Introduction: Representin': Women, Hip-Hop, and Popular Music
janell hobson is an assistant professor of Women's Studies at the State University of New York at Albany. She is the author of Venus in the Dark: Blackness and Beauty in Popular Culture and is presently at work on a second book exploring race, gender, and digital media cultures. She has also begun work on an oral history concerning a ferryboat disaster between the Caribbean islands of St. Kitts and Nevis on August 1, 1970.
r. dianne bartlow is an assistant professor in the Department of Women's Studies at California State University, Northridge. She is a feminist scholar interested in representations of African-American women in popular music, culture, and media; early black feminist thought; and violence against women. Her published work includes “‘No Throw-away Woman’”: Maria W. Stewart as a Forerunner of Black Feminist Thought,” in Black Women's Intellectual Traditions: Speaking Their Minds, edited by Kristin Waters and Carol B. Conaway, and she is co-author of “Exploring New Frontiers: Women of Color in Academia,” in Women in Mass Communication (2nd ed.), edited by Pamela Creedon, in addition to several creative scholarship projects. Bartlow has also worked extensively in television production and is a multiple Emmy Award winning director/writer/producer. She is currently producing the documentary Legal Rape.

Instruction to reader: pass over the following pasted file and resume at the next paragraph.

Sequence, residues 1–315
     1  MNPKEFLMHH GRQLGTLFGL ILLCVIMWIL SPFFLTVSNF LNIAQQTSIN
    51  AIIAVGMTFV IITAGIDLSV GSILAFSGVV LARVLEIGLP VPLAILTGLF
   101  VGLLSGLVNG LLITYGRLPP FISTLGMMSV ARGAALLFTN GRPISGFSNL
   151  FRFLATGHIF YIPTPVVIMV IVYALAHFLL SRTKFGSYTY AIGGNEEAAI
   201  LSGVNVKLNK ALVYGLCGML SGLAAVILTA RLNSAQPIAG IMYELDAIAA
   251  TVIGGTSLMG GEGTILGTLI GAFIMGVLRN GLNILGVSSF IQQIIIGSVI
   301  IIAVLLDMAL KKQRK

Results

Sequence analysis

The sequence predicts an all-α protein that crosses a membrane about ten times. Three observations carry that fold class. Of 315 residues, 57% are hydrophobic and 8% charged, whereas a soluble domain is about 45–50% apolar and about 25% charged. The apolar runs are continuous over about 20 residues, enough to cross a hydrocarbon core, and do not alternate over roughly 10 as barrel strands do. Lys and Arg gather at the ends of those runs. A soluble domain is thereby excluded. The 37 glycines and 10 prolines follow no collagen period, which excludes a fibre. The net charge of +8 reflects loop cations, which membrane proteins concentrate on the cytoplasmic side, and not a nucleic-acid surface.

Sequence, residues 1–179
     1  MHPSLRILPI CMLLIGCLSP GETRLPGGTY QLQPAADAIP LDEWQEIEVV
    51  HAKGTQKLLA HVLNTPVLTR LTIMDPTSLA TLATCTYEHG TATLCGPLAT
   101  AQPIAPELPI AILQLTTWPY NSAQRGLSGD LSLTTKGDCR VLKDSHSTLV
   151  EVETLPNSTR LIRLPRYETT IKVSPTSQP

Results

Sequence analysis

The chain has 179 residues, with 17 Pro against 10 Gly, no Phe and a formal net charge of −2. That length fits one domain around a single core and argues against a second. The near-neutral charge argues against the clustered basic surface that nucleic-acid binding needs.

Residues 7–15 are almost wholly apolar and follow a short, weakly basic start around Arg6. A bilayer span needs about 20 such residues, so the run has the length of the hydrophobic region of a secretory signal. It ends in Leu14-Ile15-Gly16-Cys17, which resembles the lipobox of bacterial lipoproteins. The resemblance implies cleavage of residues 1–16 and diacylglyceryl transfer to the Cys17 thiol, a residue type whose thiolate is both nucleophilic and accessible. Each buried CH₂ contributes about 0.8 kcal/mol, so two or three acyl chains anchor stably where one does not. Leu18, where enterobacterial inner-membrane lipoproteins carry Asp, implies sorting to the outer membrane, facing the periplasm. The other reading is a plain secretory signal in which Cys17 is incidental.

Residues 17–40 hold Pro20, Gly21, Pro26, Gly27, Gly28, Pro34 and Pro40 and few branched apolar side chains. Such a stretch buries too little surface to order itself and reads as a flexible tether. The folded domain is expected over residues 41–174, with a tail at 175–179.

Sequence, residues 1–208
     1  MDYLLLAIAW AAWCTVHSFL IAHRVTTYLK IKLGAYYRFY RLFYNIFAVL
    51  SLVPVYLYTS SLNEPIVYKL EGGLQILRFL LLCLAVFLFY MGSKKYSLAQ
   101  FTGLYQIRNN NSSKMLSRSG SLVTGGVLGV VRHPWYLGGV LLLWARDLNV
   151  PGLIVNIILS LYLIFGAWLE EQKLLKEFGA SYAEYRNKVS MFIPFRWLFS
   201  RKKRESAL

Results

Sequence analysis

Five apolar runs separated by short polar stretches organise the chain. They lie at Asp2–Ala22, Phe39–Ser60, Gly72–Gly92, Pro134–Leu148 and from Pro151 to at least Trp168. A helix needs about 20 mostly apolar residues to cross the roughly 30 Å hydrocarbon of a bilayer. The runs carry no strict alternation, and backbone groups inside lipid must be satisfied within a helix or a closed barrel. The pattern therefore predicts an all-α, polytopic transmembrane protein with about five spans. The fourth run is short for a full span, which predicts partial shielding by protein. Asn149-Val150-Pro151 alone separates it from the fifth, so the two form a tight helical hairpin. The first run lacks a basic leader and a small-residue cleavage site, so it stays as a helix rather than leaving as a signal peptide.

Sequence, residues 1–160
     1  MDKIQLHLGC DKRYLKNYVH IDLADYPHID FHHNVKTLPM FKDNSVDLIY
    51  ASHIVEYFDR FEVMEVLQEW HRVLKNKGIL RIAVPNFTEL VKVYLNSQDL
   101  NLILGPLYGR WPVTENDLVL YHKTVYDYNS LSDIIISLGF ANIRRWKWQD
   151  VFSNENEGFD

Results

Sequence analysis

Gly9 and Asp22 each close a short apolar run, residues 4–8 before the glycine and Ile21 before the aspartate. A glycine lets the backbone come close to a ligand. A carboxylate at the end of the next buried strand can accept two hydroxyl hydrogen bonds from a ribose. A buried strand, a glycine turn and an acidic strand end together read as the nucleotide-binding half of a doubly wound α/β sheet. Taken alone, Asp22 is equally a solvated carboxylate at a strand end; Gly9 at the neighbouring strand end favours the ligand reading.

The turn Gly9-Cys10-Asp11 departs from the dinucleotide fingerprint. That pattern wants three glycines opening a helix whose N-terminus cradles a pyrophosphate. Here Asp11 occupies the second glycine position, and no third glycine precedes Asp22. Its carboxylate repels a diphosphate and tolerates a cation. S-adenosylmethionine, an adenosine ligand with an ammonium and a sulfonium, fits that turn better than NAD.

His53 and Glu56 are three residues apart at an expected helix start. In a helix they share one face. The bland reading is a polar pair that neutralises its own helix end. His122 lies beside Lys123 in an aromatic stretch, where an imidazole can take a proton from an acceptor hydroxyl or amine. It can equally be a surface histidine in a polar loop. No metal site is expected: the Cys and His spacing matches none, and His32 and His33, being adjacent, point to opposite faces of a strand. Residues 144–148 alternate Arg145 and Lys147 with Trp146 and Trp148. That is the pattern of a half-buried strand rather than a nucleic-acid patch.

Janell Hobson, R. Dianne Bartlow; Introduction: Representin': Women, Hip-Hop, and Popular Music. Meridians 1 September 2008; 8 (1): 1–14. doi: https://doi.org/10.2979/MER.2008.8.1.1
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